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Re: standards/51024 (NetBSD misses the mandatory waitid() syscall)

The following reply was made to PR standards/51024; it has been noted by GNATS.

From: David Holland <>
Subject: Re: standards/51024 (NetBSD misses the mandatory waitid() syscall)
Date: Mon, 30 May 2016 04:07:08 +0000

 On Thu, Apr 21, 2016 at 01:50:00AM +0000, Robert Elz wrote:
  >    |  Am I supposed to interpret this to *prohibit* wait() from returning
  >    |  more than 8 bits of status?
  >    |  
  >    |  That is... stupid.
  >  In most situations I would agree with that reasoning, but here I am not
  >  sure that I do.
  >  We need to work out just what the status is for, and how it is intended
  >  to be used.
  >  Basic POSIX allows just two values to be passed to exit() (by applications)
  >  EXIT_SUCCESS and EXIT_FAILURE (strictly, 3, with 0 as well, but if there's
  >  a system where EXIT_SUCCESS and 0 are not the same thing I have
  >  yet to see it.)
 That would be VMS...
  >  Allowing applications to use other values (even just another 254 of them)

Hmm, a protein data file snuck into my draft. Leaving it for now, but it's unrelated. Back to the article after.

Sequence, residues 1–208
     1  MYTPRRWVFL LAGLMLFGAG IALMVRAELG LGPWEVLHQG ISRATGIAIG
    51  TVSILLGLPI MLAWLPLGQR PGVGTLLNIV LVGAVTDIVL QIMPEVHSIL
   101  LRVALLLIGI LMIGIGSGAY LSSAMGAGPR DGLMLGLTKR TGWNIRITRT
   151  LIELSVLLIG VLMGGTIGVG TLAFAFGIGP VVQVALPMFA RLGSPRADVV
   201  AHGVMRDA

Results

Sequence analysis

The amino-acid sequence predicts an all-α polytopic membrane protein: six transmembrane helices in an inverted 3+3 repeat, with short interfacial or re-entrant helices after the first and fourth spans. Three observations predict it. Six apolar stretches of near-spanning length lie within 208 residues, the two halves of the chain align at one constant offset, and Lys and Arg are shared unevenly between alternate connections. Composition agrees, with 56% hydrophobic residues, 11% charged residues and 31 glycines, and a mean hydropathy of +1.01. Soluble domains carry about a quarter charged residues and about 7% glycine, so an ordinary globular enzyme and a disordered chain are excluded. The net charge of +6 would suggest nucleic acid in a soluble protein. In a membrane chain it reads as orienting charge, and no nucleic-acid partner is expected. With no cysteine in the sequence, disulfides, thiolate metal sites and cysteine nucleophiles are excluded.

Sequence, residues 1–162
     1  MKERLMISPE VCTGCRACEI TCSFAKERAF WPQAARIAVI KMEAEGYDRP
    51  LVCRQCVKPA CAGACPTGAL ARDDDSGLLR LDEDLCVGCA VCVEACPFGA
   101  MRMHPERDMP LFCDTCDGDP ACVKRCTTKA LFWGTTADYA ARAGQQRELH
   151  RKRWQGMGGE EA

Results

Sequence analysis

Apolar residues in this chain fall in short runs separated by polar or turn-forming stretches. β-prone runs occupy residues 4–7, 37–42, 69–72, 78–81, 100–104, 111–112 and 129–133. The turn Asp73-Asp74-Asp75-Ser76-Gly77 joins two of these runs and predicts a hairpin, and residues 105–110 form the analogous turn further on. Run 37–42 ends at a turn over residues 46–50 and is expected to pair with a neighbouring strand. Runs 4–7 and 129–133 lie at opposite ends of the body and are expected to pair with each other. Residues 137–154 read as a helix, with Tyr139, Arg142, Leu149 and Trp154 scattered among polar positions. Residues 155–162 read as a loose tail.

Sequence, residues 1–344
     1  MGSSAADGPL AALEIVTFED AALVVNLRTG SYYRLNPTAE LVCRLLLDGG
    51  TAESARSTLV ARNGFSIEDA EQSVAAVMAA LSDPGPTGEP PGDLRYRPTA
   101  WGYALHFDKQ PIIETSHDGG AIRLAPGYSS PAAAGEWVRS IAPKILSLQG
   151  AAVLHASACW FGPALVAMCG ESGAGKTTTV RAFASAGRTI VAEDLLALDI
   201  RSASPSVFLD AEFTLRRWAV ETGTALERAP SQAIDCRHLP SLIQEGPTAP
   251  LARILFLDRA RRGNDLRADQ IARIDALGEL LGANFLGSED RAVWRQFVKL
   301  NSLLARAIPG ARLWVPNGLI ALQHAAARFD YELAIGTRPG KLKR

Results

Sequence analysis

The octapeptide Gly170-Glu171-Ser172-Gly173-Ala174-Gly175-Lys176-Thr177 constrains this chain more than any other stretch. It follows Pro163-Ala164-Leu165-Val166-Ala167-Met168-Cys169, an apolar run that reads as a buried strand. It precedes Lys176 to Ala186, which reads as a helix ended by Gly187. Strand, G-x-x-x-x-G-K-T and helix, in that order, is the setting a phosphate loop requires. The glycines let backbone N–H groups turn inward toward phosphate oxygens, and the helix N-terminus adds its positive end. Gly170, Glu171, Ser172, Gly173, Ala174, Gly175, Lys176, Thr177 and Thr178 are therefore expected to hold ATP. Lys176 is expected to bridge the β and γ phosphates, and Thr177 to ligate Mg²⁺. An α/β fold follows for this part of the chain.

>  is an extension (one of the posix options.)
  >  [...]
  >  So, we need to ask ourselves, just what is the point of allowing more than
  >  a couple of hundred exit codes (or even that many) ?
 It allows you to use them for signalling. For example (offhand, so may
 not be that persuasive if examined too closely) given some kind of
 preforking httpd that runs application-server things with exec, you
 might conceivably define the exit codes as
    0 - everything went fine, nothing to do
    1 - something went wrong
    2 - something went badly wrong
    3+ - everything went fine; you should close this fd
 Yes, this can become gross, and if you want to generate significant
 output that's what stdout (or other things) is for, but there's no
 reason a cooperating subnet of processes can't do productive things
 even if it doesn't make sense in the general case.
 A perhaps more persuasive argument is: we provide an integer result
 argument. Is there any reason *to* arbitrarily truncate it, vs.
 rather than delivering the value as submitted or as much of it as can
 be carried through readily? I can't think of any.
 One could also make an argument that like errno is a special case of
 an exception, an exit code is also a special case of an exception and
 there should be a way to throw system-level exceptions out of
 programs. That's definitely into crazy talk though :-)
 David A. Holland

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